OK, that makes sense. Thanks for the quick reply. I work at a seismic earthquake data center. We're looking at using protocol buffers as a means of internally moving around processed chunks of data. Seems to work pretty well, as long as the chunks aren't too large (which is a problem one way or another). But working with ~5 million data points doesn't seem to be any problem.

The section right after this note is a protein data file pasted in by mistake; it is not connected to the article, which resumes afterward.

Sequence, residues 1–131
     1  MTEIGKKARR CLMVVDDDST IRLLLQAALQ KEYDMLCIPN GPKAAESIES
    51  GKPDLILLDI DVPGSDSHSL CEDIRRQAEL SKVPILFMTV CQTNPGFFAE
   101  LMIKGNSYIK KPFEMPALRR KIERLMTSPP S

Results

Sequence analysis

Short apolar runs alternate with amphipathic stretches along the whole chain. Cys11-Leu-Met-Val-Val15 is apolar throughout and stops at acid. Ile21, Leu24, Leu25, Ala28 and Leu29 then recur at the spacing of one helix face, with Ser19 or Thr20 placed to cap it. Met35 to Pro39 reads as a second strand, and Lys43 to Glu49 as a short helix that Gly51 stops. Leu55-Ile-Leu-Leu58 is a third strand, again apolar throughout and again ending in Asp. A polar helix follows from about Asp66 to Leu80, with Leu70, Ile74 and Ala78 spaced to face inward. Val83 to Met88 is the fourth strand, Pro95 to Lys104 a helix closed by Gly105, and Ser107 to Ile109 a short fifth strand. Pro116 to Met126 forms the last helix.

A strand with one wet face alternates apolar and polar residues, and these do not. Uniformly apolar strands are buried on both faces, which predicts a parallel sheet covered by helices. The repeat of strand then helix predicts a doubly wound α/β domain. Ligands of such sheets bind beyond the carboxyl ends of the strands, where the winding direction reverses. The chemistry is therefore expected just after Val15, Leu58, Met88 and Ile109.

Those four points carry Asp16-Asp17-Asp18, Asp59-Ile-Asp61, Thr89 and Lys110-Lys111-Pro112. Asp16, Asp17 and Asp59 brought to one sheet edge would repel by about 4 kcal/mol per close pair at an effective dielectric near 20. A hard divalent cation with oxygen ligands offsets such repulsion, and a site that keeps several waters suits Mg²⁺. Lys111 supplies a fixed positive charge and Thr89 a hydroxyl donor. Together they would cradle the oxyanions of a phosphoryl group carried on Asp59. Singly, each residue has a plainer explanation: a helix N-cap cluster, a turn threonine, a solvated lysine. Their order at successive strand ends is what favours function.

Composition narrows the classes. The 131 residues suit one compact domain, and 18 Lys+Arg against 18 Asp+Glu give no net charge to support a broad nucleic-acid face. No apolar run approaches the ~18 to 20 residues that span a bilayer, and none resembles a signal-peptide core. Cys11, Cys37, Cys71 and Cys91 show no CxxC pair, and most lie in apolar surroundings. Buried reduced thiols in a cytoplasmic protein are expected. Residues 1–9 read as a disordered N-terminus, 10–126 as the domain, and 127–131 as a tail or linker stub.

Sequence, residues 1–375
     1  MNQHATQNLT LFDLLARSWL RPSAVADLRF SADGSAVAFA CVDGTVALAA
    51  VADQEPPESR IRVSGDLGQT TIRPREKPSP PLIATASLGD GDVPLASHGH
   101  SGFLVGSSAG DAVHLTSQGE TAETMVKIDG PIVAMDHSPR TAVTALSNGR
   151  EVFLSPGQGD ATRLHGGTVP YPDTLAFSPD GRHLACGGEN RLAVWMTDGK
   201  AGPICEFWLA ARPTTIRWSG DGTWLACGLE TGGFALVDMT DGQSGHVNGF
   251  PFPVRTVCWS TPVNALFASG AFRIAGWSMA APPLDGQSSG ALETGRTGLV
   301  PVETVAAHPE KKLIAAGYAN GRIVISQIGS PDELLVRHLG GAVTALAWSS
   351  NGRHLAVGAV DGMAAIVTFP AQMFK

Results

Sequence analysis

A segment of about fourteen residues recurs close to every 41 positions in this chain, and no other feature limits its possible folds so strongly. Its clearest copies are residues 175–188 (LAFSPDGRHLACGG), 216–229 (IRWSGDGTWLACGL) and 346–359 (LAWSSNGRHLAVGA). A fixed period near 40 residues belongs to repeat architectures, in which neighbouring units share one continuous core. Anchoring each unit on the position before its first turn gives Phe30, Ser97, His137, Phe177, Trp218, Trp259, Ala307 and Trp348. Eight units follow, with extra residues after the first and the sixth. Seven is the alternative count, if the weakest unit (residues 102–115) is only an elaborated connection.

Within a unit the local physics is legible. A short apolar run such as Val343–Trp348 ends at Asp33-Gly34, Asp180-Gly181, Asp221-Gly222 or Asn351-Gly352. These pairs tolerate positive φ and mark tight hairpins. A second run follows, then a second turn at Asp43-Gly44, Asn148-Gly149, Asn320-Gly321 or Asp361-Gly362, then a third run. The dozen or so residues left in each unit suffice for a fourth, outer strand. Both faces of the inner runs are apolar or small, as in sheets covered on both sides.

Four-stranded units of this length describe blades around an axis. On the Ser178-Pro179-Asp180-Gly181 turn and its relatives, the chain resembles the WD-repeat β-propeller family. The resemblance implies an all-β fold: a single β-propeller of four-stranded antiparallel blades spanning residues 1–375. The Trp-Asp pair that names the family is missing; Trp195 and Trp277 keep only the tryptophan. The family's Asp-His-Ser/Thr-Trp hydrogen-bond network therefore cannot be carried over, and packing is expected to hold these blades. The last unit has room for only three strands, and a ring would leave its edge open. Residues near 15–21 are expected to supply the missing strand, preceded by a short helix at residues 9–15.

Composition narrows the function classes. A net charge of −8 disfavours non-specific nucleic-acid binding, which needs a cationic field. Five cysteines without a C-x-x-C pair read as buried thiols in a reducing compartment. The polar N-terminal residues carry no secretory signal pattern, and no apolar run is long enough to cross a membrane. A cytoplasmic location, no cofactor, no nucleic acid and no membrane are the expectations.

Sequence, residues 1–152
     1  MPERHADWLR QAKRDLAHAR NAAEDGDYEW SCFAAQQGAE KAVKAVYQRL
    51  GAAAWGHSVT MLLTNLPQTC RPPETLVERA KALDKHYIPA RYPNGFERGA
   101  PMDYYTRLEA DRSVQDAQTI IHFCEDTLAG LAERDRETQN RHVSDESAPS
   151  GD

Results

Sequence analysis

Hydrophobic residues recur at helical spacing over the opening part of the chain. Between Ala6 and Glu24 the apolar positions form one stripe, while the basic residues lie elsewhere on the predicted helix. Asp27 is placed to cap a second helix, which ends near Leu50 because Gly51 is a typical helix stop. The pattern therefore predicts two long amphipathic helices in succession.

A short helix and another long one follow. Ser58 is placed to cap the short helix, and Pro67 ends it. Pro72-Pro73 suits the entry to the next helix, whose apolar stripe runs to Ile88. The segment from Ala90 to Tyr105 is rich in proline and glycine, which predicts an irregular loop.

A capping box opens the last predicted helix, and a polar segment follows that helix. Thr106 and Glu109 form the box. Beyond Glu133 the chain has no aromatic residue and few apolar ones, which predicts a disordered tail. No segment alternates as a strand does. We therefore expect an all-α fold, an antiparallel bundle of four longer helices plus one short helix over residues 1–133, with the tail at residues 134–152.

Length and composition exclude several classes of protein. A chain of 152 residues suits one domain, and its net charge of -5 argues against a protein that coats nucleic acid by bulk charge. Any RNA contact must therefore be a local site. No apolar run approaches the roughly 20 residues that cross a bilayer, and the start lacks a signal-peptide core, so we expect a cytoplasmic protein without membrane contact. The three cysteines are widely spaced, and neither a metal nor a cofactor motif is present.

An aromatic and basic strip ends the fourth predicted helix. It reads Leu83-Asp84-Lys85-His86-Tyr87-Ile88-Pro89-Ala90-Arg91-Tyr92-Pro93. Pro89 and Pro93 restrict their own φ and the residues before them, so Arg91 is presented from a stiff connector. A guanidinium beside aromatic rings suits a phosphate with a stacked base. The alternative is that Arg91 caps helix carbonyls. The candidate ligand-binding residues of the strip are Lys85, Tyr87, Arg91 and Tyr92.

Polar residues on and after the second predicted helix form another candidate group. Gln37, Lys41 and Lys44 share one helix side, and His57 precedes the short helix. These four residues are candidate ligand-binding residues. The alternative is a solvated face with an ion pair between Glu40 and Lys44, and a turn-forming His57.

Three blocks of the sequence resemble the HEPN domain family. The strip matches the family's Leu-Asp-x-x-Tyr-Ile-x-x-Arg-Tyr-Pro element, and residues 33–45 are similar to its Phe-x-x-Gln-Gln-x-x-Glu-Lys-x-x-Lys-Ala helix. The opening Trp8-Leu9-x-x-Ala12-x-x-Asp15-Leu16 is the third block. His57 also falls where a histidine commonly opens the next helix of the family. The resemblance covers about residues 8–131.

"some other container format.".... Not exactly sure what that would look like. Thanks again. -B On Oct 22, 3:26 pm, "Kenton Varda" <[EMAIL PROTECTED]> wrote: > The "Partial" serialize and parse routines actually do something completely > unrelated: they allow the message to be missing required fields. So, that > doesn't help you. > I'm afraid protocol buffers are not designed for storing very large > collections in a single message. Instead, you should be thinking about > representing each item in a collection using a protocol message, but then > using some other container format. Using protocol buffers here makes the > container format simpler because it only needs to deal with raw strings > rather than having to worry about structured data. > > On Wed, Oct 22, 2008 at 10:19 AM, <[EMAIL PROTECTED]> wrote: > > > Is there a general strategy/methodology for dealing with very large > > collections so that they do not need to be > > completely held in memory before serializing and de-serializing? I > > see, for example, SerializePartialToOstream() > > and ParsePartialFromIstream() but no documentation of how to use it. --~--~---------~--~----~------------~-------~--~----~ You received this message because you are subscribed to the Google Groups "Protocol Buffers" group. To post to this group, send email to firstname.lastname@example.org To unsubscribe from this group, send email to [EMAIL PROTECTED] For more options, visit this group at http://groups.google.com/group/protobuf?hl=en -~----------~----~----~----~------~----~------~--~---